What is a Scaphoid Fracture?
The scaphoid is a small wrist bone at the base of the thumb that can be fractured (broken or cracked) due to wrist trauma. Scaphoid fractures are often dismissed as wrist sprains by patients, and occasionally can even be missed by physicians since they can be difficult to detect on X-ray.
Most causes of scaphoid fracture involve trauma to the wrist:
- Fall onto an outstretched wrist (most common)
- Blunt force trauma (vehicle accident, direct blow to the wrist, work injury)
Signs and Symptoms
Symptoms of a scaphoid fracture usually include one or more of the following:
- Wrist pain and tenderness to touch (especially on thumb side of wrist)
- Wrist swelling
- Wrist bruising
- Wrist pain / grinding with movement
- Wrist deformity (usually mild with acute fractures
Is There a Test For Scaphoid Fractures?
Yes! Often fractures are obvious on physical examination, but severe sprains and contusions can also look and feel very much like a wrist fracture. X-rays usually show the fracture, but occasionally MRI or CT scan are needed for definitive diagnosis.
Suspected wrist fractures warrant emergent treatment if you are experiencing hand numbness and tingling, severe or “tight” swelling, significant deformity of the wrist, or any open wounds around the wrist (possible open or compound fracture). Even without these warning signs, it is best to seek urgent treatment as the results of delayed treatment of scaphoid fractures often leads to undesirable outcomes such as nonunion (won’t heal) or malunion (heals crooked).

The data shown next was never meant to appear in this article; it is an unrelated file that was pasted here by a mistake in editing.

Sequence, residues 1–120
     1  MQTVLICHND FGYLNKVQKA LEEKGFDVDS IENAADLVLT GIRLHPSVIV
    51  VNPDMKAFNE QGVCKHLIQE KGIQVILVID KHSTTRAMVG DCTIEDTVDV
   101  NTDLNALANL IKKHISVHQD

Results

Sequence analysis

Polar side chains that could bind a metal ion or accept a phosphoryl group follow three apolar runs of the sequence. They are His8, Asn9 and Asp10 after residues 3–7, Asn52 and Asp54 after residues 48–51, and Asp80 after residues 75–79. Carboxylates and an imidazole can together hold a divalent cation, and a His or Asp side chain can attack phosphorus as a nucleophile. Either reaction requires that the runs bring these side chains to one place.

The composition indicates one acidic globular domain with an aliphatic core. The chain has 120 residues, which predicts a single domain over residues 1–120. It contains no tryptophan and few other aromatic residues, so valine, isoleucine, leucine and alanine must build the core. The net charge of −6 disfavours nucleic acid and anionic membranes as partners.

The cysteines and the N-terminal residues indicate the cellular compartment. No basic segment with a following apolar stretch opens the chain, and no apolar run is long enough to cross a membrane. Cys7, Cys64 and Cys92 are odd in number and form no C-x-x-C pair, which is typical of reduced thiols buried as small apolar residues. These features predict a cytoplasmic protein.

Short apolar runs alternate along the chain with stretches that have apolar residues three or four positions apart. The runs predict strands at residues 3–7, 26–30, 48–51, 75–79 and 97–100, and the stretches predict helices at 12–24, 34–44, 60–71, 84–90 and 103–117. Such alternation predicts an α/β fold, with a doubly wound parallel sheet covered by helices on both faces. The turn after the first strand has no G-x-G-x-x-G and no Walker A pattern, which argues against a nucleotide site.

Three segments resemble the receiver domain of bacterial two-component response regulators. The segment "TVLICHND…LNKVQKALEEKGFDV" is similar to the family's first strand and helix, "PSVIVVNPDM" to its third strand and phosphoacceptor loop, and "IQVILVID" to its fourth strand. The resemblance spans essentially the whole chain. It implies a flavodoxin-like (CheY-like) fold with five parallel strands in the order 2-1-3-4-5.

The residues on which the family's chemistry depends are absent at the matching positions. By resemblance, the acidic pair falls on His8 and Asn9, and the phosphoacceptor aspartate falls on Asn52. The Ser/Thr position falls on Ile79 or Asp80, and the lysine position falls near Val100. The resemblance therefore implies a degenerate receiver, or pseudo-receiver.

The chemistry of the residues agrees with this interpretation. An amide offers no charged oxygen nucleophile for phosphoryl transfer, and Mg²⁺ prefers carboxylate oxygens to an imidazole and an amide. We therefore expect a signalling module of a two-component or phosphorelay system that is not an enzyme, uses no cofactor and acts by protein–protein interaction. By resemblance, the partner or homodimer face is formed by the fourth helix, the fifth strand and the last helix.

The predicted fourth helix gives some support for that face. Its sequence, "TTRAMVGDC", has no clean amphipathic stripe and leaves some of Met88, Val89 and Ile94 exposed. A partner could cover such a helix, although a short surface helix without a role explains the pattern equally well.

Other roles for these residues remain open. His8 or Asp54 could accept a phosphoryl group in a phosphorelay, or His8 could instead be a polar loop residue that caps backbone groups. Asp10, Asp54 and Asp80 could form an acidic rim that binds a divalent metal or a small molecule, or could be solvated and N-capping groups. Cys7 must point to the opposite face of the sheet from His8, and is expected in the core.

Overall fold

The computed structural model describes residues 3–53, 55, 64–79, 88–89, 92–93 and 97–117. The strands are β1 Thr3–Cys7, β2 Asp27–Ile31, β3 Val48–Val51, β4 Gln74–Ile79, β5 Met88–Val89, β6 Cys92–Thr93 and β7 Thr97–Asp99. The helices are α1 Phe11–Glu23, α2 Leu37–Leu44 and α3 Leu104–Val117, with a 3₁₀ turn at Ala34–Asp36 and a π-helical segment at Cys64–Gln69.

Splinting and casting are the mainstays of nonoperative treatment of scaphoid fractures that are stable and not badly displaced (out of alignment). Scaphoid fractures are typically not able to be “set” straight without surgery. Cast treatment usually lasts 6-8 weeks as these are slow-healing fractures.
Surgical repair of scaphoid fractures is often required when the fracture pieces are unstable (won’t stay in place), or not healing properly with cast treatment. A regional block numbing of the arm is performed, and we then make a small incision at the wrist to restore the alignment of the broken scaphoid and hold the pieces in place with an internal metal screw. Even with operative treatment, there is a risk of nonunion (won’t heal) or malunion (heals crooked).
Ready to Confirm a Diagnosis and Fix the Problem or Just Want to Learn More?
Our Board-Certified Orthopaedic Hand and Wrist Surgeons Eric Angermeier, MD and Kyle Kokko, MD, PhD, are here to help! They can often diagnose the problem in one visit, and get you started with a treatment plan ranging from simple splinting and hand therapy to injections or surgical options when needed.
Call today for a clinic or telehealth appointment! 854-423-4263